Bernadette Y. Connor

Bernadette Y. Connor is a native of Philadelphia, Pennsylvania. She was born at home in a one-room apartment in North Philadelphia; the fourth of five children. To help her family financially, she sang rhythm and blues in many of the local nightclubs until she graduated from Dobbins Vocational Area High School in 1969 and was hired as a secretary by Sun Oil Company.

Her first love was music, but she found herself writing poetry in Junior High School. Some of her earliest writings were published in SCLC monthly magazine. Both singing and writing had to take a back burner to caring for her family, but midnight often found her doodling. A divorced mother of three, Bernadette saw that all of her children graduated from college.

She found her niche’ at AT&T as a communications technician. With the merger came a lay-off and she saw as an opportunity to begin a new career, but that was put on hold by a series of medical problems and finally the devastation of the brutal murder of her eldest son on Christmas Eve of 1991. Her zest for life, travel and adventure were nearly extinguished. However, Bernadette’s thoughts slowly returned to writing.

The literary fire was stoked by reacquainting herself with her earlier poems, and Bernadette embarked on yet another adventure. She wrote a simple love story called ‘Finally’ that opened the gate to an avalanche of works which include 13 novels and 12 screenplays.

Bernadette’s published debut novel, ‘Damaged’, the first psychological thriller ever written and published by an African American garnered her a spot in “Who’s Who In America 2004”. Publishers Weekly dubbed her the “genre-crossing writer” and she loves the distinction. Agent, Mondella Jones, labeled her “a master storyteller.”

Featured Selection

Limpin by Bernadette Y. Connor

If you ain’t got love you’re . . . LIMPIM. Ida Evers shares all of the trials and victories of their lives together, with her husband, James Evers, who has Alzheimer’s. His reactions are hilarious and heartwarming. Her gripping storytelling is filled with all of the angst, surprise, joy and loss of lives lived thoroughly with love as its anchor. Tales of family life will come and go, but you will never forget the Evers.

Book Review: Limpin is a well told, very interesting fictional African American family drama.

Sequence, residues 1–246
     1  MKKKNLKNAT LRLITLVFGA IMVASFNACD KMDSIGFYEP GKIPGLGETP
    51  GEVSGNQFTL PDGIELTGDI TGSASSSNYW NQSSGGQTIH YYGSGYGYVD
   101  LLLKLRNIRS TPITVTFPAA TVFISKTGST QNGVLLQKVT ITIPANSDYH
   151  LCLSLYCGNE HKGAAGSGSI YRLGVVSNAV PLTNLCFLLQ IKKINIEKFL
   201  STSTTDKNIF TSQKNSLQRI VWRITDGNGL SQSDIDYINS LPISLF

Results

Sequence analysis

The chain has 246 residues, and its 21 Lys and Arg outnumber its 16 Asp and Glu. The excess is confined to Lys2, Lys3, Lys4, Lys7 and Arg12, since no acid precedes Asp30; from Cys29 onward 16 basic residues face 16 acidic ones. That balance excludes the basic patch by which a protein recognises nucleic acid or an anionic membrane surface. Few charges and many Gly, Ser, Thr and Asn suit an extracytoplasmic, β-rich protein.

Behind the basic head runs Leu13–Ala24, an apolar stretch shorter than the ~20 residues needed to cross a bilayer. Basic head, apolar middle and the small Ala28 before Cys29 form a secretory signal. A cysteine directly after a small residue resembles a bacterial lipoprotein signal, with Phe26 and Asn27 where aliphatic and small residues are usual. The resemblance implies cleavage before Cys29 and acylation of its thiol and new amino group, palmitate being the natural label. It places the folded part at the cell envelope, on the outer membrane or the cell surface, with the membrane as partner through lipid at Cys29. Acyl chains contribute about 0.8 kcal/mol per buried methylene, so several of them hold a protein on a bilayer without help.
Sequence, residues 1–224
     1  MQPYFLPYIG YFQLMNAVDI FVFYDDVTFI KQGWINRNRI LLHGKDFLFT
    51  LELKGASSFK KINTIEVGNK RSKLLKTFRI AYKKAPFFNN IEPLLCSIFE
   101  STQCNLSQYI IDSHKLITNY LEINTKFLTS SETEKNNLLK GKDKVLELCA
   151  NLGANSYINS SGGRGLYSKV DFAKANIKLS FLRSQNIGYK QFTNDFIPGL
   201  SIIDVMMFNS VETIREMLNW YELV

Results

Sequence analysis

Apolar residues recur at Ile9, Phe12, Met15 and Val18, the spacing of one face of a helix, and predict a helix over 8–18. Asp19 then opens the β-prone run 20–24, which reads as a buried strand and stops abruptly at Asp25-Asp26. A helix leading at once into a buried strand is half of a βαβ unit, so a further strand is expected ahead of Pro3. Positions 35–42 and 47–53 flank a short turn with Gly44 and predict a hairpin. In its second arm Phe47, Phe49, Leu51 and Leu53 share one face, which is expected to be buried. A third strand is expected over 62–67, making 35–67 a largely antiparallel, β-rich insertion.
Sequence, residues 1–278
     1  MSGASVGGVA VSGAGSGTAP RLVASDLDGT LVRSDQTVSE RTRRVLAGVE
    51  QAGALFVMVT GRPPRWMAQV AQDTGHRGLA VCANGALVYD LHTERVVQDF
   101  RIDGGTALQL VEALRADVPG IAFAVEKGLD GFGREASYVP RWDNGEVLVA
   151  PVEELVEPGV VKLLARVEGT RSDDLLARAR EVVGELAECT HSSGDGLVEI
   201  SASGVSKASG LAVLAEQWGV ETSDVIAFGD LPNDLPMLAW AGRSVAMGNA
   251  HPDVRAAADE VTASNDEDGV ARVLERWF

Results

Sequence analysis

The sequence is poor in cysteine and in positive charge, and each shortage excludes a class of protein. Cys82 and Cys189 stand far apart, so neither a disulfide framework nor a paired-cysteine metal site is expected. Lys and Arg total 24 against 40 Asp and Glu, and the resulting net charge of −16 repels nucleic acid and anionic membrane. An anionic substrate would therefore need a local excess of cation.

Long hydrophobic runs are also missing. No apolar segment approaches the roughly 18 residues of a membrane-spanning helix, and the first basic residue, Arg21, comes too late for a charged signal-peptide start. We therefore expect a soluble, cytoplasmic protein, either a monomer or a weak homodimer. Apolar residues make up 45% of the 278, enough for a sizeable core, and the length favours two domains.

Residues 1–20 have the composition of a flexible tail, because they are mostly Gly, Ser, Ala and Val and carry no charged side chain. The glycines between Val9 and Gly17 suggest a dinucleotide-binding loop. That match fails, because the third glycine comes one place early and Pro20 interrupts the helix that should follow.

The book opens with this; “The doctor told me James had Alzheimer’s four years ago, and that he would forget things and do strange things he had never done before. I thought that diagnosis was funny at the time because corn liquor had been doing that to James for over fifty years. As far as James doing anything he had never done before, I thought that impossible. If he got his back up about something or a load on, James always could and would do some pretty stupid things.”

This book reminds me of the book/movie ‘The Notebook’. It is a love story that goes beyond the love between husband and wife to encompass the love and dynamics between family members.

Author Bernadette Y. Connor uses her main character Mrs. Ida Evers to share this heartwarming story where love anchors their lives through it all, especially towards to end when Alzheimer’s works to rob her husband James of his memories.

Here is a quote from chapter 19: “The summer of forty-eight. What can’t be said about it? The most profound phrase that comes to mind is, ‘I wasn’t in Gadsden.’ We experienced unbelievable highs and devastating lows. It seemed as if I would at long last get to know a loving relationship with my husband. We could have that honeymoon I read about other people having and enjoying so much. Oh, James, we came so close to having all of that, and so much more.

We drove up to Virginia Beach the first weekend we were alone. I saw the ocean for the very first time in my life.  It was truly a grand sight too. It stretched to forever; all blue and green with white foam smashing against the dark tan colored beach. You told me that the sand was mixed with dirt and that the farther down the coast you went the brighter it got and that there were actually white beaches in Florida and Mexico.

Born and raised colored in the south the trip was a rude awakening for me. We all knew our boundaries and basically stayed within them. Every once in a while, someone would get rambunctious and find out the hard way that white folks don’t play with you. The way I saw it at the time, white folks were the least of my problems because I dealt so little with them.”

You will have to read this book to understand this reference: “I wasn’t in Gadsden”.

I, Theodocia McLean endorse Limpin by Bernadette Y. Connor as a family drama that shines the light on love vs control. I purchased this book from Kindle and completed this review on November 6, 2017.

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Author’s Books

Awards and Recognition

Author Spotlight
Book Spotlight/Review For He’s Mine
Book Spotlight/Review For Limpin

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Amazon Author’s Page

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Cold Coffee Café

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